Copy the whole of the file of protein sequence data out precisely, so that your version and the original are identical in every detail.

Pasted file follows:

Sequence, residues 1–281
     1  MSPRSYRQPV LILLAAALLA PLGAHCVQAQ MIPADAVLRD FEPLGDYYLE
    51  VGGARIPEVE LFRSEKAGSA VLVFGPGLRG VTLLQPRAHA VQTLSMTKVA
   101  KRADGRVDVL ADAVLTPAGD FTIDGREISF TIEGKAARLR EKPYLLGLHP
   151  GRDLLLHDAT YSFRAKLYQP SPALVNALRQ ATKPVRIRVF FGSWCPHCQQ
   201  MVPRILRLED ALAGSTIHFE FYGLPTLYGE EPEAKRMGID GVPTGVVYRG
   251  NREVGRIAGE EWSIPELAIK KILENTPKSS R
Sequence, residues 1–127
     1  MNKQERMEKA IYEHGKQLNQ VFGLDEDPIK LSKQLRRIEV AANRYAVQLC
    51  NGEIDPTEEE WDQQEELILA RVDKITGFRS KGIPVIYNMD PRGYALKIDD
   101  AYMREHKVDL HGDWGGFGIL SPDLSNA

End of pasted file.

Sequence, residues 1–281
     1  MSPRSYRQPV LILLAAALLA PLGAHCVQAQ MIPADAVLRD FEPLGDYYLE
    51  VGGARIPEVE LFRSEKAGSA VLVFGPGLRG VTLLQPRAHA VQTLSMTKVA
   101  KRADGRVDVL ADAVLTPAGD FTIDGREISF TIEGKAARLR EKPYLLGLHP
   151  GRDLLLHDAT YSFRAKLYQP SPALVNALRQ ATKPVRIRVF FGSWCPHCQQ
   201  MVPRILRLED ALAGSTIHFE FYGLPTLYGE EPEAKRMGID GVPTGVVYRG
   251  NREVGRIAGE EWSIPELAIK KILENTPKSS R
Sequence, residues 1–127
     1  MNKQERMEKA IYEHGKQLNQ VFGLDEDPIK LSKQLRRIEV AANRYAVQLC
    51  NGEIDPTEEE WDQQEELILA RVDKITGFRS KGIPVIYNMD PRGYALKIDD
   101  AYMREHKVDL HGDWGGFGIL SPDLSNA